Women Who Disrupt

“Women have so much power to shift culture,” said Rachel D. Wilson, CEO and Founder of LADY Rebranded. On Friday, June 23rd, Wilson hosted the anniversary celebration of LADY Rebranded. To celebrate their first year of success Rachel and LADY Rebranded partnered with City National Bank to recognize other women influencers, creators and entrepreneurs who are doing amazing work not only in their fields of work, but in society and their communities. Honored as ‘Women Who Disrupt,” the event honored Sabrina K. Garba, CEO of Glass Ladder Group, Rachel Sumekh, CEO of Swipe Out Hunger, and Lisa Mae Brunson Founder of Wonder Women Tech.

Amidst hectic schedules, daring to challenge the status quo, and succeeding at shaping society, it is critical to stop and honor women making moves and igniting conversations about what it takes to be  ‘A Woman who Disrupts’. In a society known for the erasure of women’s contributions, it was a refreshing sight as people gathered in Downtown Burbank to listen to the honorees talk about their journey and tips for being successful women. So, what does it take to disrupt? To these leaders, it means knowing who you are, acknowledging your achievements and never giving up.  

Honoree, Rachel Sumekh, defined what it means to be a leader, highlighting that there is not just one type of leader. She was told that she was “too nice” to be a leader. Sumekh refused to accept this. She knew she could, “work hard and be nice.” Rachel asked attendees to ask themselves, “What kind of leader do I want to be? What are the traits I embody? Which ones do I like and which ones do I want to let go and then, OWN IT.” Walk into a room and believe you are a badass! Knowing who you are and knowing that your work matters is so important.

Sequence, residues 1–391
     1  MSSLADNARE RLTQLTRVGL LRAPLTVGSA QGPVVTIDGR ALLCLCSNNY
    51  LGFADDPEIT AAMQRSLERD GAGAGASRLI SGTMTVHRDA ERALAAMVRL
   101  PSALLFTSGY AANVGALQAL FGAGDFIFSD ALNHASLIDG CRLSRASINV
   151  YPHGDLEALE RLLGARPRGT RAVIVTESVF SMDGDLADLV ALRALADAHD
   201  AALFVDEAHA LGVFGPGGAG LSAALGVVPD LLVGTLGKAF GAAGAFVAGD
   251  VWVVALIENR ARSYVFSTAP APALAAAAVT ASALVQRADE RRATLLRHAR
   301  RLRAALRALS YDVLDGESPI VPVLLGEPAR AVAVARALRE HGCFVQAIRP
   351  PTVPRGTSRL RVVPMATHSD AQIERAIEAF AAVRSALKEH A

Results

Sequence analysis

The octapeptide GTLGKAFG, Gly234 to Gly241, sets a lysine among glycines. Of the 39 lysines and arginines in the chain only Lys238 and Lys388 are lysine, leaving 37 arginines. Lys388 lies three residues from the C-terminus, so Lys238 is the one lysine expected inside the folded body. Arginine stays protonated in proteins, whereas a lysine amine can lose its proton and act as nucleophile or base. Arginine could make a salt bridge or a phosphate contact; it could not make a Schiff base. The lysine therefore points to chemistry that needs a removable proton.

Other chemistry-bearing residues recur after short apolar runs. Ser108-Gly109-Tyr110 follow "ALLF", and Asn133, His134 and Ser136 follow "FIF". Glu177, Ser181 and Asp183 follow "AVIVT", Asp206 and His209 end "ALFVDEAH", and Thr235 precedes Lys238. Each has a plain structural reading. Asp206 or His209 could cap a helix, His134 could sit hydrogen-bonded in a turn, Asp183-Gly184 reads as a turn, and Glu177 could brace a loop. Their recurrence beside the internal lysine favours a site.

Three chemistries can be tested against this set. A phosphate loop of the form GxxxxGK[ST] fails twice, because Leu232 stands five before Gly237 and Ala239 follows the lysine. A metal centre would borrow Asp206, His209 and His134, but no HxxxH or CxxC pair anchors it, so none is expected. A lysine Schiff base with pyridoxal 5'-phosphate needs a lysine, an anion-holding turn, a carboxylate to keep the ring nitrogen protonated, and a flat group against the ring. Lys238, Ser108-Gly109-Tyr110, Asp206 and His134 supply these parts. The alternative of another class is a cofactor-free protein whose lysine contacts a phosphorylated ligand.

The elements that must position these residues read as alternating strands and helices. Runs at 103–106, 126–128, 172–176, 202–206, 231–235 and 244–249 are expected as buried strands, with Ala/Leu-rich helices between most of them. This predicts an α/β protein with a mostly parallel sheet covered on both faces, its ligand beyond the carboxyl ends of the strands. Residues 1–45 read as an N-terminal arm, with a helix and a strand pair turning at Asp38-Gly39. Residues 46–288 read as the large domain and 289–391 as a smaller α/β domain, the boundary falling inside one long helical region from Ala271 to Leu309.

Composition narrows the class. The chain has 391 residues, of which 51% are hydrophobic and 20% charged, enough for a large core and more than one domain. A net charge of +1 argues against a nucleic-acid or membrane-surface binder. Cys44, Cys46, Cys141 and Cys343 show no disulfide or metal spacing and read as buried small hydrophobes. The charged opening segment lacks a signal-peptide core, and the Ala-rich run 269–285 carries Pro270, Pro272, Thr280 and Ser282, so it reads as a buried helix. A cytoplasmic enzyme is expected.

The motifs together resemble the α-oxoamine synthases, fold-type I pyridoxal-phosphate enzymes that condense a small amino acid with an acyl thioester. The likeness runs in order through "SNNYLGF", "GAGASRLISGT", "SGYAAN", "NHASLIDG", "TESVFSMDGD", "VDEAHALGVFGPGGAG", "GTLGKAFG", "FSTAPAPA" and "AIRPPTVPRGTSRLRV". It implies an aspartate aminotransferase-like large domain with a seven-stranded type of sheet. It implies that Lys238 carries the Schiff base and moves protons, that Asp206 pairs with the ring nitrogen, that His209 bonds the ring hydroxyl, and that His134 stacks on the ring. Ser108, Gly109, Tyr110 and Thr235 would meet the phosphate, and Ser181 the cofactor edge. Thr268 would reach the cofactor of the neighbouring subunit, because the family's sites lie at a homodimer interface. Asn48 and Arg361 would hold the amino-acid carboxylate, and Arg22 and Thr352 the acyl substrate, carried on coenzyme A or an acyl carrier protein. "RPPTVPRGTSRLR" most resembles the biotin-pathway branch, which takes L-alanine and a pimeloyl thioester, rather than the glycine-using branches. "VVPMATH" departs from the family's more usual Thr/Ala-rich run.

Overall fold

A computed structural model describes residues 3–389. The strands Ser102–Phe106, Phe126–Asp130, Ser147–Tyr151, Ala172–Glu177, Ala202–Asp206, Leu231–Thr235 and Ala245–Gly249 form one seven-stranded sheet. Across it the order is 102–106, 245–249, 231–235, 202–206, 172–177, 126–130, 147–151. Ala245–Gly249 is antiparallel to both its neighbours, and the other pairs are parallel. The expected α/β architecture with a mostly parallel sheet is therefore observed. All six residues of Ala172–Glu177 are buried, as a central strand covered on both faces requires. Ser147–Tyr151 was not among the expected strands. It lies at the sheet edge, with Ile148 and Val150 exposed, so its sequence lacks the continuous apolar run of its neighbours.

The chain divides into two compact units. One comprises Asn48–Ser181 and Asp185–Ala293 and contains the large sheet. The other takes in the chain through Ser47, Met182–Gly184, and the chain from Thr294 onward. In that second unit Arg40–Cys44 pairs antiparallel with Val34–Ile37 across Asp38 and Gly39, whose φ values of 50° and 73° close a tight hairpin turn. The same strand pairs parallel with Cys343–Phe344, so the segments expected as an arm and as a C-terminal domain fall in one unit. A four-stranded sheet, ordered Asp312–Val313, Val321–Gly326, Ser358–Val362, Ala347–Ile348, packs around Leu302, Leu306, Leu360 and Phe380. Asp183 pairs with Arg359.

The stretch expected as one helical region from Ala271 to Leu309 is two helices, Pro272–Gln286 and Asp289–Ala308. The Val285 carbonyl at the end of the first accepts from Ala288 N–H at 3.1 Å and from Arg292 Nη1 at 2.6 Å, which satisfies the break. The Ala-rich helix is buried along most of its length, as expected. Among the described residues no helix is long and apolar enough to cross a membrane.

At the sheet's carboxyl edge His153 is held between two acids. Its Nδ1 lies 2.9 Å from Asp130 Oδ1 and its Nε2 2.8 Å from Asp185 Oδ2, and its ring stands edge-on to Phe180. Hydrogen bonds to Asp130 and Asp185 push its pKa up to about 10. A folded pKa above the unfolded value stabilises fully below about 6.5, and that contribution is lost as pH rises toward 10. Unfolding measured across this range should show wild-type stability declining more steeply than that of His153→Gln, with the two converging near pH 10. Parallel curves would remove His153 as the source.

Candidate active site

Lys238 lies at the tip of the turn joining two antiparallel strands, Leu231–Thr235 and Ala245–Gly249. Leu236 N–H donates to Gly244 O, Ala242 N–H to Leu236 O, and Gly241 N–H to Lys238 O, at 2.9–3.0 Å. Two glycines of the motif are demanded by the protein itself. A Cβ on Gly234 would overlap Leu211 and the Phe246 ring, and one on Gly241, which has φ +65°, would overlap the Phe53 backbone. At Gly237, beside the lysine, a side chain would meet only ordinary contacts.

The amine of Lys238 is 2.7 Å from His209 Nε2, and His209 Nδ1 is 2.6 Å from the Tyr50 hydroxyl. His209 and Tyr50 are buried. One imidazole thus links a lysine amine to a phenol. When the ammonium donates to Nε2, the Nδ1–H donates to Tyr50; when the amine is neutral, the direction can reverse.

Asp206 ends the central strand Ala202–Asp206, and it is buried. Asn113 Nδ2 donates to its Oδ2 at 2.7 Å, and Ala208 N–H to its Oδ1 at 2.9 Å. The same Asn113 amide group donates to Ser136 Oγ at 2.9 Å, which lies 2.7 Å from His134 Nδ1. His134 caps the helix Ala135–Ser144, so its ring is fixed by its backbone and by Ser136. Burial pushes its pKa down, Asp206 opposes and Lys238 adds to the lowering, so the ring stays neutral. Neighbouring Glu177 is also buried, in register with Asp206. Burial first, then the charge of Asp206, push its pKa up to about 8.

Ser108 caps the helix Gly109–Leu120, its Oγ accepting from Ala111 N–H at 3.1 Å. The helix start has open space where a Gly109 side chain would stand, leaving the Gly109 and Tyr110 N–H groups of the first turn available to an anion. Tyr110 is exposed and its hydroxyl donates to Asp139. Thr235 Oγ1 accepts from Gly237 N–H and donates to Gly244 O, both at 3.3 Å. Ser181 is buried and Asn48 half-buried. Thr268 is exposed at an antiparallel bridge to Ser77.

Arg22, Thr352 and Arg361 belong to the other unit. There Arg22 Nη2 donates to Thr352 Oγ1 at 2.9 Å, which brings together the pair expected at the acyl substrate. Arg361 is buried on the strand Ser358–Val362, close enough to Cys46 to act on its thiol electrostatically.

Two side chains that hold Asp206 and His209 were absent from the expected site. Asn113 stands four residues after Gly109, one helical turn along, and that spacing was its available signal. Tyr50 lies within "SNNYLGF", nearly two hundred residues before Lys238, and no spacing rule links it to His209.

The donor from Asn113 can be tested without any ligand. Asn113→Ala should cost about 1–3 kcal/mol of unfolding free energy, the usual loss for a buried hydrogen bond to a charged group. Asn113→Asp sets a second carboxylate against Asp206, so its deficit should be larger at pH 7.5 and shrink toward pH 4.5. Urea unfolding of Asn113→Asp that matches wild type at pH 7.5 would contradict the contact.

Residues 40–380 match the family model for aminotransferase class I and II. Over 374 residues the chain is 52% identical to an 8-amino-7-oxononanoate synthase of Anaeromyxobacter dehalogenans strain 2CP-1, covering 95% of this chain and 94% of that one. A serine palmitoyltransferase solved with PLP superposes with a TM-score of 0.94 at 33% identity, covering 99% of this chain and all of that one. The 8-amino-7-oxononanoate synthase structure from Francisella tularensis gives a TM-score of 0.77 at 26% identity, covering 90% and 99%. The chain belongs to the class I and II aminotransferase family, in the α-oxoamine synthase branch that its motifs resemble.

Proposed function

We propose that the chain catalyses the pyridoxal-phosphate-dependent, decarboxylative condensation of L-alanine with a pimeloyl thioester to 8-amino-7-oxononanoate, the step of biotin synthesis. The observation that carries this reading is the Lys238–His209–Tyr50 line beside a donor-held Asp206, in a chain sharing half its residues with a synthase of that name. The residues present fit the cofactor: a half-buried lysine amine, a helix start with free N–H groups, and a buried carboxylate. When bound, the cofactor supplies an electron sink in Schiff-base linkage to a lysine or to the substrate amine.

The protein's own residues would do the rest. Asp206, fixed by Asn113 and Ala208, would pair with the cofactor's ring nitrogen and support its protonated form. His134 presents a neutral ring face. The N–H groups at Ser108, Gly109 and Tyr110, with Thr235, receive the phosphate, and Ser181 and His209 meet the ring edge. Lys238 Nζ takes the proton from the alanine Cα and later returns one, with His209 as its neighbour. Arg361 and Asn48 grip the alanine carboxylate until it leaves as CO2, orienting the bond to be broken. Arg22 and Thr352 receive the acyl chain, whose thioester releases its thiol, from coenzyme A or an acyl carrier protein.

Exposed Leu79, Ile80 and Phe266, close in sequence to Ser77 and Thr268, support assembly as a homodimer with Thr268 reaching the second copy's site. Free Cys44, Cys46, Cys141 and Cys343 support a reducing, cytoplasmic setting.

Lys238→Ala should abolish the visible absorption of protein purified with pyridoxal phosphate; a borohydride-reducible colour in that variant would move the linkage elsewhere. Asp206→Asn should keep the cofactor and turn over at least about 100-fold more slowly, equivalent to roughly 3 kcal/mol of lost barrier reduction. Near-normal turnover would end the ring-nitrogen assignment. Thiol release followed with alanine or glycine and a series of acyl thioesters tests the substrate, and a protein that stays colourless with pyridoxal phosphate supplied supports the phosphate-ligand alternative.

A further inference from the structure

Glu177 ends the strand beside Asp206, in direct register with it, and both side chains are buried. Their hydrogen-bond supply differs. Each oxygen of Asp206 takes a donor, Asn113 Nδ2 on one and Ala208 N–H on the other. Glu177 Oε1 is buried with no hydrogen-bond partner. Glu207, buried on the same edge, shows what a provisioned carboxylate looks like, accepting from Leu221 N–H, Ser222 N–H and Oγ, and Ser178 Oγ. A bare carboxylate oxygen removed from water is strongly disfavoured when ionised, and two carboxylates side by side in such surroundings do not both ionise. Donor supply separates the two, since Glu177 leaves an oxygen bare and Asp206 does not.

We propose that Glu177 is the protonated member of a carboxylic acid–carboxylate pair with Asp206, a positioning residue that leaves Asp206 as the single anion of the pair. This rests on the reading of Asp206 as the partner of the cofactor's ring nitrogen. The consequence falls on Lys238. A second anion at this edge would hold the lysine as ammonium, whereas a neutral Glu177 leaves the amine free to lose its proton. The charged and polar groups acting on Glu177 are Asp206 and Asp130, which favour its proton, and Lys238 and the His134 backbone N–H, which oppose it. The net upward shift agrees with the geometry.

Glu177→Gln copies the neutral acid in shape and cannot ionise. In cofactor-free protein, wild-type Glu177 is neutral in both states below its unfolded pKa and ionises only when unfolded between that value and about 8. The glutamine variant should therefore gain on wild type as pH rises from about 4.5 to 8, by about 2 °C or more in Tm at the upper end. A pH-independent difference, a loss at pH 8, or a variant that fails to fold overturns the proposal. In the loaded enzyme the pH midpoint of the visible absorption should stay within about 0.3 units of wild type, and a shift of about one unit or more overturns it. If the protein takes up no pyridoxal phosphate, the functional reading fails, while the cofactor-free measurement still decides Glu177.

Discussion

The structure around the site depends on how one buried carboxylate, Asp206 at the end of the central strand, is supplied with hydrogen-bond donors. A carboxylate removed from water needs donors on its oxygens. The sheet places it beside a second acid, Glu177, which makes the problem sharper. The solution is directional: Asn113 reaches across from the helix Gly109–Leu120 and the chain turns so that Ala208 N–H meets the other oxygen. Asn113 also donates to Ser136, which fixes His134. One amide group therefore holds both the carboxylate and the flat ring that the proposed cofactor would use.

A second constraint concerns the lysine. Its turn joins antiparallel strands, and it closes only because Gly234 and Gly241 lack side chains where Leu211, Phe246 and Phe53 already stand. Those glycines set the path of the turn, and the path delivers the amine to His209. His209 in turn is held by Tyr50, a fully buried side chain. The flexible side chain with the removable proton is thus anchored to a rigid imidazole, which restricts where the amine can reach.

Still, even these leaders forget to give themselves a well deserved pat on the back. Sabrina K. Garba, Founder and CEO of Glass Ladder Group said that up until that night she did not think of herself as a woman who disrupts. It is so often that women forget to look at the work they have done and appreciate themselves. A woman who has been disrupting the intercultural communication field and defying odds, Garba reminded the room to relish in one’s victories and recognize that you, “did that” and you are capable of anything. Her own personal reminder is a quote in her office that reads, “The victor should never forget her victories.” She wasn’t doing that before, but now she has made a place in her life for her victories. She is a strong believer that doing so will “carry you from hill to hill.”

Anyone who has faced an obstacle in their life knows what hills and valleys are. When circumstances get tough and it feels as if it’s time to hang it up, DON’T. Honoree Lisa Mae Brunson wasn’t afraid to share her experiences of tough times. Times she lost faith and was ready to quit. If she had quit, the shift in diversity and inclusion within the STEAM industries would not be as far along as it is. The lives of women in the tech field would have less opportunity to learn, grow and achieve in a male dominated profession. Brunson didn’t give up, because she reminded herself to keep “saying yes” and “figure it out later”. She reminded herself that what she is doing is making a difference.

It was an inspiring night as people took part in advocating, supporting, and recognizing women. The impacts of the work done by Sabrina K. Garba, Rachel Sumekh, Lisa Mae Brunson, and Rachel D. Wilson are global and this is only the beginning. As more women shift and disrupt culture, we are reminded that when she succeeds, we succeed.